Lefties get a jolly good workout these days. It’s Zumba for radicals

Lefties get a good workout these days – Labour conference is like Zumba for radicals: QUENTIN LETTS sees shouty delgates turn on their own MPs

Back in Blair days, Labour conference would start with an exercise in grisly suppression. Apparatchik Margaret Wheeler, cold as uncooked Crispy Cod Fries, would listen impassively while activists complained that Blair, Mandelson and Co had stitched up the agenda. She would then exterminate dissent – Rosa Klebb drowning kittens.

She is now in the House of Lords, naturally.

The Corbyn Labour Party is more fun. No wonder vigorous Lefties have joined in droves. They are given plenty of time to fulminate. It’s like Zumba for radicals: A jolly good workout where they can all have a blow and pummel their chests.

Pictured: Jeremy Corbyn at the Labour Party conference in Liverpool, September 23

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Did they attack the rotten Tories for stealing bread out of puir bairns’ mouths? Not much. Instead they spent the afternoon denouncing Labour MPs for not being loyal to Jeremy Corbyn and the party. They took too many holidays. They did not turn up to Commons debates. Etc.

A prototype Trot from Blyth Valley castigated those who owned shares in private enterprise. Crikey. It’s just as well multi-millionaire Shaun Woodward is no longer an MP. The Blyth Valley lad also referred to Chuka Umunna’s recent plea to Mr Corbyn to ‘call off the dogs’ who were mobilising against Blairite MPs. ‘WE ARE NOT DOGS!’ shouted this delegate. Thunderous applause.

Back in Blair days, Margaret Wheeler (pictured) would listen impassively while activists complained that Blair, Mandelson and Co had stitched up the agenda

The hall is about five times bigger than last week’s Lib Dem conference. The chairman could have done with some field glasses to help him call people from the seats at the back. That might have looked a bit grouse moor, mind you.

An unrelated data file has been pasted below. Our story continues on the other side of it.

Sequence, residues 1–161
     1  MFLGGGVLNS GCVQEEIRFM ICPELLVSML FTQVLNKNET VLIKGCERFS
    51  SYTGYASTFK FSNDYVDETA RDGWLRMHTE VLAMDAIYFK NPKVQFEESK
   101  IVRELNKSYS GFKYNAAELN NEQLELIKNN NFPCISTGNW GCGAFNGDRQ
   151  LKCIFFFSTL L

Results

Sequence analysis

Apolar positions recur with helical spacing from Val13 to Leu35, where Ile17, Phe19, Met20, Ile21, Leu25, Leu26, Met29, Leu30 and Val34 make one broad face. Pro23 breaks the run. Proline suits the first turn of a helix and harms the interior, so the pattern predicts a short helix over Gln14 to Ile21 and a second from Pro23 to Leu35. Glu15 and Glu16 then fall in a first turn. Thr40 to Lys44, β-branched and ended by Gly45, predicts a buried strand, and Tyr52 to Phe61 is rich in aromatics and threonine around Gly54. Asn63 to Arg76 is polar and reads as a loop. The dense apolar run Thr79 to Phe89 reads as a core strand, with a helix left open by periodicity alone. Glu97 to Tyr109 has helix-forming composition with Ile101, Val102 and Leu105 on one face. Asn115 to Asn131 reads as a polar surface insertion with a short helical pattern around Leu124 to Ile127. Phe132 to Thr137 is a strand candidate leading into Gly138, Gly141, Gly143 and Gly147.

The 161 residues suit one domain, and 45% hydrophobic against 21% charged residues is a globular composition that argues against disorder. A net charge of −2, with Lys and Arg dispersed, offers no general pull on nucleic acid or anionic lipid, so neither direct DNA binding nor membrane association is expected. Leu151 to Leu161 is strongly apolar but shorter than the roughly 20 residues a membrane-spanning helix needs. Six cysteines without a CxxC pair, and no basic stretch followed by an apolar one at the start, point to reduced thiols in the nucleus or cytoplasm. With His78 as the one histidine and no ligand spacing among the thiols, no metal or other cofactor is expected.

At one point he just waved his hand in a vague way and said: ‘I’ll take a delegate from the far right’. Dear hearts, I thought my moment had come and was about to stride up to the podium to speak in favour of a no-deal Brexit. Alas, he only meant ‘the far right of the hall’.

Delegates deplored the disproportionate clout Labour MPs have when it comes to choosing Labour leaders. This was ‘an affront to democracy!’ shrieked a sister from Bishop Auckland. Gosh, she was noisy. Many of them were. Was it the sound system turned up too high or is it simply that in Corbyn’s Labour you need to shout?

‘Being an MP is not a job for life,’ said a boy with a double-barrelled name (quite a few of those). This went down well. Odd. I thought the hard Left approved of jobs for life.

Some speakers were quite posh. ‘Hello, I’m Samantha from Erewash,’ began a honey with a Lady Di complexion and a Sloane’s husky tones. Poor Samantha was booed. Almost as glamorous was someone by the name of Mick: Long blond tresses like Guinevere, big biceps, tight leggings, high heels, voice as deep as a tuba.

The Corbyn Labour Party is more fun. No wonder vigorous Lefties have joined in droves

The chairman had to call for order – ‘respect!’ – when an old-fashioned union autocrat tried to voice some TUC menace. John Pickard from Brentwood had not made a conference speech since 1974, and that, too, had been about trying to force MPs to be more accountable to the party. They loved him.

A Unite trade unionist bawled that ‘we stand on the precipice of power’. He possibly did not intend to compare the possibility of a Corbyn government to standing on Beachy Head. He said everyone in the room could think of MPs who would be immediately dumped by activists if they had to submit to re-selection before every general election. ‘There is no place for MPs who attack our leader and side with the Tories!’ More keen applause.

If only such attitudes could be vented at the Conservatives’ conference. Philip Hammond would have to hoist his socks and that Wollaston woman from Devon would be out before she could say ‘second referendum’. Talking of which, Lord (Roger) Liddle, prominent Blairite, was sitting alone in the hall. He was tapping his foot hard. This sort of splendid insurrection could be rat poison to the Centrists.

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